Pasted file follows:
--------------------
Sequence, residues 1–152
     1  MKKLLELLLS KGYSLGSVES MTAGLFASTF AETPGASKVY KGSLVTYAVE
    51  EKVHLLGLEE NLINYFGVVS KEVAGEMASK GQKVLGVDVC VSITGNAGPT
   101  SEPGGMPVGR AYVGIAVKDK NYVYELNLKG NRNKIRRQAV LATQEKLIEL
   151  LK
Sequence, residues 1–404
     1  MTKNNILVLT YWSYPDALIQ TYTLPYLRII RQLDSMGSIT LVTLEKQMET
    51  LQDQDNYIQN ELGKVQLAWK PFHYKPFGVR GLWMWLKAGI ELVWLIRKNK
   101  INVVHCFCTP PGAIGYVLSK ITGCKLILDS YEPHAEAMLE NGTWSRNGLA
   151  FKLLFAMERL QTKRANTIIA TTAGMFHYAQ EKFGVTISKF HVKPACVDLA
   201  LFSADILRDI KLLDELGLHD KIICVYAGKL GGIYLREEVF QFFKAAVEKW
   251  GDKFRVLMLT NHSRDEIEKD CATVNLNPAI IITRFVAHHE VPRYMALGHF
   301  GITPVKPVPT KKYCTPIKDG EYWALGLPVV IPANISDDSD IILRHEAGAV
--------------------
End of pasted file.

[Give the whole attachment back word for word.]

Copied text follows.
Sequence, residues 1–152
     1  MKKLLELLLS KGYSLGSVES MTAGLFASTF AETPGASKVY KGSLVTYAVE
    51  EKVHLLGLEE NLINYFGVVS KEVAGEMASK GQKVLGVDVC VSITGNAGPT
   101  SEPGGMPVGR AYVGIAVKDK NYVYELNLKG NRNKIRRQAV LATQEKLIEL
   151  LK
Sequence, residues 1–404
     1  MTKNNILVLT YWSYPDALIQ TYTLPYLRII RQLDSMGSIT LVTLEKQMET
    51  LQDQDNYIQN ELGKVQLAWK PFHYKPFGVR GLWMWLKAGI ELVWLIRKNK
   101  INVVHCFCTP PGAIGYVLSK ITGCKLILDS YEPHAEAMLE NGTWSRNGLA
   151  FKLLFAMERL QTKRANTIIA TTAGMFHYAQ EKFGVTISKF HVKPACVDLA
   201  LFSADILRDI KLLDELGLHD KIICVYAGKL GGIYLREEVF QFFKAAVEKW
   251  GDKFRVLMLT NHSRDEIEKD CATVNLNPAI IITRFVAHHE VPRYMALGHF
   301  GITPVKPVPT KKYCTPIKDG EYWALGLPVV IPANISDDSD IILRHEAGAV